Pareyio, who campaigns against female circumcision (also
female genital mutilation, or FGM), says there is much to
celebrate in Maasai
culture, but also much that needs to change. (1:35)
Eighth graders listen
to a lecture on African history at Nturumeeti Primary
School, Narok District, Kenya.
From Afghanistan to Arizona, schools are at the center of nearly
every struggle over cultural identity. Governments use schools to
instill common values, to prepare young people to contribute economically,
to create citizens. Minority groups often see them as machines designed
to strip their people of their language, their traditions, their
Until recently, that was the prevailing view among the Maasai of
Kenya and Tanzania. The Maasai (numbering about 400,000) are traditionally
cattle herders who follow their animals on seasonal migrations.
They are proud of their warriors, or ilmuran, and fiercely
defensive of their independence. When the British ruled East Africa,
the Maasai used passive resistance to ensure that their culture
remained intact—refusing to take up agriculture, to settle
in towns, to send their children to school.
Now the Maasai are finding that resistance isn't enough. Agriculture
and urbanization have eaten up much of their grazing land. Communications
and roads have exposed young Maasai to the temptations and opportunities
of the outside world. Many are now questioning traditional practices
such as polygamy, early marriage and female circumcision (also known
as female genital mutilation, or FGM).
An elder places grass in the garments of a 15-year-old bride as the
groom, 18, looks on. Young brides rarely stay in school. In Kenya, girls who marry
before age 20 are three times more likely to
be victims of abuse than girls who marry
Some Maasai worry that change is coming too fast. "The foundation
of our culture is respect and unity," says Oloiboni Ole Pareiyo,
a 65-year-old herder. "What is happening with modernity is
that it is undermining the very principle on which the culture is
founded." Others disagree. They say the only way to survive
as a people is to adapt to changing realities. Education, they argue,
need not be seen as a surrender to mainstream culture, but rather
as a way to fix those aspects of their own culture that need fixing—particularly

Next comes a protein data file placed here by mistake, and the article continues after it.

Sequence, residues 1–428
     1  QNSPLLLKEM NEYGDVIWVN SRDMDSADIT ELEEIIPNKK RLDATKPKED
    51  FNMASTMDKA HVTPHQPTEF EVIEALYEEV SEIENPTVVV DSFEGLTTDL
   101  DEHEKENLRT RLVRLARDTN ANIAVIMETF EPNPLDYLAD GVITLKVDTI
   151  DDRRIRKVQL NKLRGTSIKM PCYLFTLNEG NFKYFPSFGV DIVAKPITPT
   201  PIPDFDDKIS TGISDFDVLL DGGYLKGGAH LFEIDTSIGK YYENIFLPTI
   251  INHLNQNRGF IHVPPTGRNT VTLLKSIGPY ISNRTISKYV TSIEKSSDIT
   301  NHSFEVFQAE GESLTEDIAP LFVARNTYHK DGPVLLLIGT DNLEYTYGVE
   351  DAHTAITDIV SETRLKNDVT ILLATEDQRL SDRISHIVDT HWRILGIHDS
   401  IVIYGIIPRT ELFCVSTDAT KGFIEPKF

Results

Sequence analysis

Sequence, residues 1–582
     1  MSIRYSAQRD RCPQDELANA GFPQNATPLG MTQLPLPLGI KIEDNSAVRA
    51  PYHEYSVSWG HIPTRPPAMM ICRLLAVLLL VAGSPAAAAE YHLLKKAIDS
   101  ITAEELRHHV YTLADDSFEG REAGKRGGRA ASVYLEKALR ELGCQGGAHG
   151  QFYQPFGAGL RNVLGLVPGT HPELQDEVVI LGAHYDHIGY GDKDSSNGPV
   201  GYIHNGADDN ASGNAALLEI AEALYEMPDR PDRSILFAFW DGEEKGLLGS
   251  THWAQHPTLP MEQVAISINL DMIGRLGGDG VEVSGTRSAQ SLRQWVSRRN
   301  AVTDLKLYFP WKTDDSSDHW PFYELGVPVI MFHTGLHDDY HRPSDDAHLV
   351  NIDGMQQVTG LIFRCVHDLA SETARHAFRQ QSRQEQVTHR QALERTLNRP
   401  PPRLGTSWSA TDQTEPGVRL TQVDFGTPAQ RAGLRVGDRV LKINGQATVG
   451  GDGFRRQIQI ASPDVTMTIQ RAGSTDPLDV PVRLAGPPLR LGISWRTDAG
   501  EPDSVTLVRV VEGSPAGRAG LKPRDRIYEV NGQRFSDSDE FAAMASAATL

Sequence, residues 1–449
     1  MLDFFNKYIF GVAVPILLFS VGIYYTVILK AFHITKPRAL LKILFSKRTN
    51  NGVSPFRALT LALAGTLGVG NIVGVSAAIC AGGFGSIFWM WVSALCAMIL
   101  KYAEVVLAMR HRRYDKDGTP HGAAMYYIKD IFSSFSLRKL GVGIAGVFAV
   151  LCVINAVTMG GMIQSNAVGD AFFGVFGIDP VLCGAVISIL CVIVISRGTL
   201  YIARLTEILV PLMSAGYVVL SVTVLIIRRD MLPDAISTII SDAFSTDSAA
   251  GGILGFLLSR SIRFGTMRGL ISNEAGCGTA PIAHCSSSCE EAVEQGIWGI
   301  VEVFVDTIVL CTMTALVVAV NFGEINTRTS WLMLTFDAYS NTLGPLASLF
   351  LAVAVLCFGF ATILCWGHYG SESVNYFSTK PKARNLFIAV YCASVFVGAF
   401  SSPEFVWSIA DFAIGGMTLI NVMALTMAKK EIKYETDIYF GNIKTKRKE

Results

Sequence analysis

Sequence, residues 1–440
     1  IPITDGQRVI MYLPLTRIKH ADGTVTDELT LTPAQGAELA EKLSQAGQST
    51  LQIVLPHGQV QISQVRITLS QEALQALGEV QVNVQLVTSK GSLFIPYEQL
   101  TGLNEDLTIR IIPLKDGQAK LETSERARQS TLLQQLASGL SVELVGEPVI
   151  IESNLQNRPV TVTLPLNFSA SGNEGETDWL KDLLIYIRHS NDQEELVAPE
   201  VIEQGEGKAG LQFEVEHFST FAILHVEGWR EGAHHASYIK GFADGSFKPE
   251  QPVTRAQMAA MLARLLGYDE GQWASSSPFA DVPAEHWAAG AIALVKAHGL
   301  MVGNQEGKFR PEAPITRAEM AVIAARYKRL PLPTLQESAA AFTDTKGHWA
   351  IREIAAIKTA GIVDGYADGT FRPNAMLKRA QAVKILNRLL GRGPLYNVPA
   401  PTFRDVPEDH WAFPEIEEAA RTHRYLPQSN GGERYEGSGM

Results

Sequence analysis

in the treatment of women and girls.
Minority groups in many parts of the world have tried to reconcile
these sorts of differences by establishing "bicultural"
models of education, where modern skills are taught alongside traditional
concepts and practices. The idea is not to force young people to
choose between two systems, but rather to help them see that western-style
modernity and tradition can coexist—and even reinforce one
Koitamet Olekina, executive director of the NGO Maasai Education
Discovery, says his organization hopes to bring elders into the
schools and incorporate cultural teachings into the public school
curriculum (an idea that the government, concerned about divisions
between the country's 40 ethnic groups, has resisted). He is also
pushing for flexibility in the school calendar, to respect the rhythms
of the herding life. But staying away from school, he says, is not
an option. The only way the Maasai can defend their interests is
if they can find ways to succeed economically and politically. That
means mastering modern skills.
For Kenya, emerging from decades of authoritarian rule, modern
education is a top priority. In 2003, incoming President Mwai Kibaki
made primary education compulsory and free. Despite a range of problems
(including teacher shortages and a lack of classroom space), that
year saw a significant jump in the number of Maasai students attending
rural schools. But primary education is only part of the picture,
particularly when it comes to preparing students for a modernizing
economy. Secondary schools (many of them residential) are still
too costly and too distant for most Maasai families. When children
are away at school, they cannot help with herding or other daily
responsibilities. And for many parents, sending a daughter to secondary
school is considered a poor investment, given that she will live
with her husband's kin once she is married. As a result, the number
of Maasais with secondary school or college diplomas is still very
Sarah Parakuo, 17,
ran away from home when her father tried to marry her
off. She now attends St. Mary's secondary school in
the town of Narok. She wants to be a nurse and return
to help her community.
Journalist Michael Ole Tiampati is a great believer in education.
He left his village for one of Kenya's most competitive high schools,
and has traveled and worked in America and Europe. Yet he also takes
part in traditional age-group ceremonies and says becoming a respected
elder is a major life goal. Rather than see education as a threat,
he says, the Maasai have to see it as way to move the culture forward.
But he acknowledges the danger. "Enlightenment, not bombardment
is what we need," he says. "The Maasai need knowledge
to manage the situation that is facing us. We know in the back of
our minds that there is no escape. The noose is tightening."